When I saw the image being promoted on Facebook by Eleanor Merry, I had to check it out, and it’s true. “Dark Valentine Holiday Horror Collection” is a #1 New Release in Horror Anthologies (as of this writing). That’s pretty amazing, but then again, Valentine’s Day was just last Friday, and no doubt horror fans in love would have thought this was a pretty cool present (as opposed to flowers and candy).
Promotional image for the forthcoming anthology “Dark Valentine”.
Thank you for your submission to the Dark Valentines Flash Fiction Horror Collection. These are the perfect amount of dark and depraved and we loved your entries. We are pleased to let you know that your story(s) Reaper, Playtime and New Heart have been accepted. Congratulations on your acceptance!
Remember Dark X-Mas? The same publisher is producing something called Dark Valentine. They accept up to five stories between 100 and 500 words long. I submitted stories called, “Reaper” and “Playtime,” which previously appeared on this blog in different forms, and a completely original story called “New Heart.” All three were just accepted.
“It’s so pretty, Daddy. I’ve never seen so much snow before.” Anna had just turned ten and although she’d lived in Colorado all her life, she’d never seen snow because she’d always been blind.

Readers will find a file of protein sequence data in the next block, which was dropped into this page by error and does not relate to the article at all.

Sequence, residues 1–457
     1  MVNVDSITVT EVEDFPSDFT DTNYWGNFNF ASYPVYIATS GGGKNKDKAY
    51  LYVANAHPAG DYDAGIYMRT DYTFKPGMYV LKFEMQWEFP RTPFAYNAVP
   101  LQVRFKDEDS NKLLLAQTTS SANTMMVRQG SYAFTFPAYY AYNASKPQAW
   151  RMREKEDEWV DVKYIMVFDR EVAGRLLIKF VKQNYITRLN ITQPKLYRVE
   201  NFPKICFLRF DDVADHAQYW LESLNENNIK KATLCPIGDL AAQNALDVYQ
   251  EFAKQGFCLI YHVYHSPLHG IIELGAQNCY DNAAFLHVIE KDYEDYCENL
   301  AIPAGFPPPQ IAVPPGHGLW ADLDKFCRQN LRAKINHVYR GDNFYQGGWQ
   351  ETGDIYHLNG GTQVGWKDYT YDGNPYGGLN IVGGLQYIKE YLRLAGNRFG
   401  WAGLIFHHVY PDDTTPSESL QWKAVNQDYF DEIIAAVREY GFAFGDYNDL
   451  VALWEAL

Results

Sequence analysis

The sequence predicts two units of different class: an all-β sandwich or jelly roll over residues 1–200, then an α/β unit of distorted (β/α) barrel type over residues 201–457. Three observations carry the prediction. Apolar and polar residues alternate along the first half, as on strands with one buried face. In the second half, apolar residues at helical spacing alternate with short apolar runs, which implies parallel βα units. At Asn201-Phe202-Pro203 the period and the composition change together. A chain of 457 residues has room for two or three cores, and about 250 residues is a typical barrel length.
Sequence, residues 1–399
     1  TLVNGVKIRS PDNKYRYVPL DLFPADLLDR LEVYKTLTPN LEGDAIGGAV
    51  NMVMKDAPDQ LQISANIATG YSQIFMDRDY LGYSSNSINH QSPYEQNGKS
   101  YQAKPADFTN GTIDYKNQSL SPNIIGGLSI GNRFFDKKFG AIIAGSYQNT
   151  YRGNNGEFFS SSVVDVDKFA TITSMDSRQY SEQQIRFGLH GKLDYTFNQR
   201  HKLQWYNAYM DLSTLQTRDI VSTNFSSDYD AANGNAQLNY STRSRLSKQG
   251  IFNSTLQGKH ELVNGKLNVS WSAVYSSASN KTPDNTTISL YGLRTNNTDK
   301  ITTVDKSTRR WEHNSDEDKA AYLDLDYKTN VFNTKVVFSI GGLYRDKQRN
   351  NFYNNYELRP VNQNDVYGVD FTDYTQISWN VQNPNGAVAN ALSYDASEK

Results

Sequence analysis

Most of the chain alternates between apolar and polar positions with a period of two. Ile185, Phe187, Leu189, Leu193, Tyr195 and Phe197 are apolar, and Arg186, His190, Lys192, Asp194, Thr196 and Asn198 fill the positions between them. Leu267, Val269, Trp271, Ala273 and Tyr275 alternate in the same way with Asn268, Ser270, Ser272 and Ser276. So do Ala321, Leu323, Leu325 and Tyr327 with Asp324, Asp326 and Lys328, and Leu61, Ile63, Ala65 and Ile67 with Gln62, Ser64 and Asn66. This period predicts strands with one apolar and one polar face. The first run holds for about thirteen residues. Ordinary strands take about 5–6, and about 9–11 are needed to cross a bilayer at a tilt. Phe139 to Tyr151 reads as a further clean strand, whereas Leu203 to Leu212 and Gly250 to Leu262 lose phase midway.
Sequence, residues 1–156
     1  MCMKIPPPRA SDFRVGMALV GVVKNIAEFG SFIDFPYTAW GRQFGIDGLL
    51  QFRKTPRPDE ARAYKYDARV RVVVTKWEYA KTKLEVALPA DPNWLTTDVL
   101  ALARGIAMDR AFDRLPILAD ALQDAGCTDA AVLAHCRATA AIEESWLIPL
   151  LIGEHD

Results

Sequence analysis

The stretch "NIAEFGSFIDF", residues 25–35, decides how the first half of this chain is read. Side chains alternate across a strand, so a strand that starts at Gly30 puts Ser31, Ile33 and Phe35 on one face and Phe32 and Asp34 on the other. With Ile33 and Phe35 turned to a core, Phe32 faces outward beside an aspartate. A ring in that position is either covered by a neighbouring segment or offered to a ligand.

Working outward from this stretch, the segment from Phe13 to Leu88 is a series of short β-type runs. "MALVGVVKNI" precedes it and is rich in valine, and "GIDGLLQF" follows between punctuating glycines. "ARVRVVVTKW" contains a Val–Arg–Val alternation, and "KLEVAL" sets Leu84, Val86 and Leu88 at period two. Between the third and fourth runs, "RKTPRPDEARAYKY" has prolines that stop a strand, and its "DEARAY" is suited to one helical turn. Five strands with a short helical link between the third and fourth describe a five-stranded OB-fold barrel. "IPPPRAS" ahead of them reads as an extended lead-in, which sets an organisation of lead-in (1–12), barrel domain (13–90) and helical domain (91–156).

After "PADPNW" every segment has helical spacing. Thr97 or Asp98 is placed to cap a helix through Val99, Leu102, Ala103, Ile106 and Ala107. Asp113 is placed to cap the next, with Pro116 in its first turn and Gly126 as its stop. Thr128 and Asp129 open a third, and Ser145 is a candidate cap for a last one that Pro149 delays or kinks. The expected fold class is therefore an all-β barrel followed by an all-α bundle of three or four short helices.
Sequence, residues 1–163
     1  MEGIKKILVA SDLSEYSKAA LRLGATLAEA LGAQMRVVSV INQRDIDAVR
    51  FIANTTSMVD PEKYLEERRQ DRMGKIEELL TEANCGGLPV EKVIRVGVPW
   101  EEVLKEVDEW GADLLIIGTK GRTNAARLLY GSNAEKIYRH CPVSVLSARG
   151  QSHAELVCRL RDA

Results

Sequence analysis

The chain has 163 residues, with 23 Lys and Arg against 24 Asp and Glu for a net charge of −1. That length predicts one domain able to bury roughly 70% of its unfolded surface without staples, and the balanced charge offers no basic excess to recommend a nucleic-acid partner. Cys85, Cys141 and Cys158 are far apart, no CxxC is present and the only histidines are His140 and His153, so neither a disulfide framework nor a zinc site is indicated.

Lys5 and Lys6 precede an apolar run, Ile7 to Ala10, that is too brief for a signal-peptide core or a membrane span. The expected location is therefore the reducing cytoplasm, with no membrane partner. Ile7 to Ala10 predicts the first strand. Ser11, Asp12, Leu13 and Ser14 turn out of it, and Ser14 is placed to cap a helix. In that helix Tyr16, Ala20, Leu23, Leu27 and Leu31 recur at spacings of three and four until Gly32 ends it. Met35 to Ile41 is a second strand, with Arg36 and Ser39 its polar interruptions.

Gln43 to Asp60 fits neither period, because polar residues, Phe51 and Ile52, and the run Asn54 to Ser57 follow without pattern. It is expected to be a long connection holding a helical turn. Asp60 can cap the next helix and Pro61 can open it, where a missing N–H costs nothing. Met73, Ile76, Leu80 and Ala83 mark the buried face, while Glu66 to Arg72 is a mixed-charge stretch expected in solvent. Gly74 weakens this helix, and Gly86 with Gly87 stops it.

“Yes it’s pretty, Anna. It’s your Valentine’s Day present.” She smiled and hugged him.
“Do I have to go to school tomorrow?”
“Not enough to call it a snow day. Besides, you’ll get to see all of your friends.”
Attorney Tim Bishop called his client and refused the case. He wasn’t about to file a malpractice suit against the doctor who gave his Anna her sight.
I wrote this for the Rochelle Wisoff-Fields writing challenge. The idea is to take the image above and use it as the prompt for creating a piece of flash fiction no more than 100 words long. My word count is 100.
I felt this being Valentine’s Day, I should somehow work that into my story. I looked up the Wikipedia page and discovered:
Martyrdom stories associated with various Valentines connected to February 14 are presented in martyrologies, including a written account of Saint Valentine of Rome’s imprisonment for performing weddings for soldiers, who were forbidden to marry, and for ministering to Christians persecuted under the Roman Empire. According to legend, during his imprisonment Saint Valentine restored sight to the blind daughter of his judge, and before his execution he wrote her a letter signed “Your Valentine” as a farewell.
I very, very loosely based my story on that legend (no one gets executed) trying to communicate warmth, gratitude, and a human heart.
To read other stories based on the prompt, visit InLinkz.com.